Acacia Adds Charges
Acacia Media Research, seen recently in headline news throughout the adult industry for a slew of streaming media patent infringement lawsuits, won a significant motion this week in the U.S. District Court.
Judge Alicemarie H. Stotler ruled that Acacia's motion to include other claims in its complaint against certain members of the adult industry is permissible.
Newport Beach-based Acacia is a subsidiary of Acacia Media Technologies Corp. and lays claim to 22 patents based on streaming media technology that the company filed in 1991. The patents cover the transmission and receipt of digital audio and video content over the Internet.
Acacia Media, which since July of this year has taken specific aim at the adult industry, currently holds five patents in the U.S. and 17 internationally. Those patents are set to expire in 2011, and 2012 for patents filed outside of the U.S.
Many members of the adult entertainment industry feel that Acacia's patent infringement suit is a bold attempt to cripple many adult websites by pulling the technology rug right out from under their feet.
Acacia's pursuit of adult entertainment companies began in July 2002, when the patent holder of licenses for DMT technology began writing letters to hundreds of adult entertainment companies notifying them that they were infringing on its patents for downloading and streaming technology.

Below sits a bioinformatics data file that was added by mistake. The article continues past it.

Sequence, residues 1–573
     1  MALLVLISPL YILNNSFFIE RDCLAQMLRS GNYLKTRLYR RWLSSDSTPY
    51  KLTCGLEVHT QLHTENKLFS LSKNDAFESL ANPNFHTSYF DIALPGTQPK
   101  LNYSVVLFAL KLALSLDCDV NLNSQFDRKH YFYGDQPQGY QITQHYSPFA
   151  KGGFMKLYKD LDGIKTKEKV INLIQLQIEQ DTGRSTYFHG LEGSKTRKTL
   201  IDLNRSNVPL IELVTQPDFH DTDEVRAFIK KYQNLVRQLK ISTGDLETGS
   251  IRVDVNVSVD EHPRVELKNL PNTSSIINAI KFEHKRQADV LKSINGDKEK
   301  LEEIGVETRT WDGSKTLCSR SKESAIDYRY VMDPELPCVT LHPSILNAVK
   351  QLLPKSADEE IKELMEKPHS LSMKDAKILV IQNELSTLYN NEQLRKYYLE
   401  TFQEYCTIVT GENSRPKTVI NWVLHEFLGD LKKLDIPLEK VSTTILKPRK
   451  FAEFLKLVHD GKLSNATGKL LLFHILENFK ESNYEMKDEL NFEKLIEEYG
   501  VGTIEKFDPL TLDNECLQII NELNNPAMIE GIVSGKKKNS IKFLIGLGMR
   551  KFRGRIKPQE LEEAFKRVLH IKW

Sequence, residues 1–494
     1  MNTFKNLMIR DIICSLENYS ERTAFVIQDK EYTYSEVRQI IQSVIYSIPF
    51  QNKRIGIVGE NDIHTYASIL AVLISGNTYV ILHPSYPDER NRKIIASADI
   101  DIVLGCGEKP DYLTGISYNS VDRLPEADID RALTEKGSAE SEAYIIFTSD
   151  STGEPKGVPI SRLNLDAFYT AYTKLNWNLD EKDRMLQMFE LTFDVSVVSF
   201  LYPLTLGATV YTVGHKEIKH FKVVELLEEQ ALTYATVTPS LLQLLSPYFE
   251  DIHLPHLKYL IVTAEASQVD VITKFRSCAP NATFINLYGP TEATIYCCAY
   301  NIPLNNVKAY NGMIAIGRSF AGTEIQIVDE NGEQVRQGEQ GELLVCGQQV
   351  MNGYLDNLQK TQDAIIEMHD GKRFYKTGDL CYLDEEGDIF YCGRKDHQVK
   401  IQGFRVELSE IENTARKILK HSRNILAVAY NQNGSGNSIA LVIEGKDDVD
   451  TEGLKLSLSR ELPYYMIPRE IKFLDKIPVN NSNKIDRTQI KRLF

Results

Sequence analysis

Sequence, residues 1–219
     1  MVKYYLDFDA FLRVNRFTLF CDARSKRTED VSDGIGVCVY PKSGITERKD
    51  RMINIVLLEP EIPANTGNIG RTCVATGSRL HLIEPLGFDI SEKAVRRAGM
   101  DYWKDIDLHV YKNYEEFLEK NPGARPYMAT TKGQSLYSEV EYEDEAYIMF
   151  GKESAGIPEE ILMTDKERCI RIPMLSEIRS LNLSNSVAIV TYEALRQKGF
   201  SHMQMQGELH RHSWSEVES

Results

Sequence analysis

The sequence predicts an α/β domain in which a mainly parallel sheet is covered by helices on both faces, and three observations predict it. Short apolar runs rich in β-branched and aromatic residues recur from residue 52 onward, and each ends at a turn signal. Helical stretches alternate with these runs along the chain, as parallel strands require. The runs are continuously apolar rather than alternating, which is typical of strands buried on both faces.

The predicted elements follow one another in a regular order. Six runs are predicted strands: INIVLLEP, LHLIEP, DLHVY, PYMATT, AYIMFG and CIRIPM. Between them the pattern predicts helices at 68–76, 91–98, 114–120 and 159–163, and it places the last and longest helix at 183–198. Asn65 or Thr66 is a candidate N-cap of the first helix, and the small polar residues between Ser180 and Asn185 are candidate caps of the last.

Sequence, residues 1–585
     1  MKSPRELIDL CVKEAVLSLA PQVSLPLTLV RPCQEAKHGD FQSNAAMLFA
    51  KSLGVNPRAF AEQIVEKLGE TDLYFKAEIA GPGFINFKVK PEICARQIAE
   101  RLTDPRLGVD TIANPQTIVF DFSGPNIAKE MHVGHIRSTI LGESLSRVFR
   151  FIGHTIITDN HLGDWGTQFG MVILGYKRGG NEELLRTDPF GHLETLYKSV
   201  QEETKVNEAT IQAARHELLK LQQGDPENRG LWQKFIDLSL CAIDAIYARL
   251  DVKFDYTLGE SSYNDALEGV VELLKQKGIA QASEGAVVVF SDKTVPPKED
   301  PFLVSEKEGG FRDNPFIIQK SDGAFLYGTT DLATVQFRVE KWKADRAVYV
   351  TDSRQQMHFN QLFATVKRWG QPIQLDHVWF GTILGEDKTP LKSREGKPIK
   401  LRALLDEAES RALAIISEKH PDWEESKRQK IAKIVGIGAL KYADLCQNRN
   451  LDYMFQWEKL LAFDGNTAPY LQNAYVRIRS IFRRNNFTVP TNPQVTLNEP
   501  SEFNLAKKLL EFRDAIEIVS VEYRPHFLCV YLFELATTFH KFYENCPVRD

Robert Berman, senior vice president of business development for Acacia Media Research, told XBiz.com that all of their letters went ignored, so the company sent out another flurry of missives. Still no response, according to Berman. Acacia then took steps to have an outside attorney prepare formal complaints, which were also ignored, Berman told XBiz.
"So at that point, we had no choice," said Berman, and patent infringement complaints were filed in District Court for the Central District of California against 39 adult entertainment companies.
According to Berman, of the original 39 companies filed against, there are currently only 16 remaining who have not settled with Acacia and conceded to licensing agreements, which according to critics of the lawsuit include a percentage of the gross audio and video income from content providers.
Among the remaining 16 defendants, nine are accused by Acacia of engaging in additional illegal acts. The remaining seven defendants are being sued solely for patent infringement.
Acacia recently took steps to amend the original infringement complaint against those nine defendants based on the suggestion of unfair trade practices, tortuous interference, and trade libel claims. Those claims are based on the suspicion that certain members of the industry attempted to stifle Acacia's patent licensing business by encouraging other members of the adult entertainment industry via chat message boards and industry gatherings to avoid doing business with the patent holder.
The newly-filed amendment was challenged by those nine defendants via their legal representation, intellectual property experts Fish & Richardson. Both sides were allowed to submit briefs to the judge and present their legal arguments either in favor or opposition to the amendment.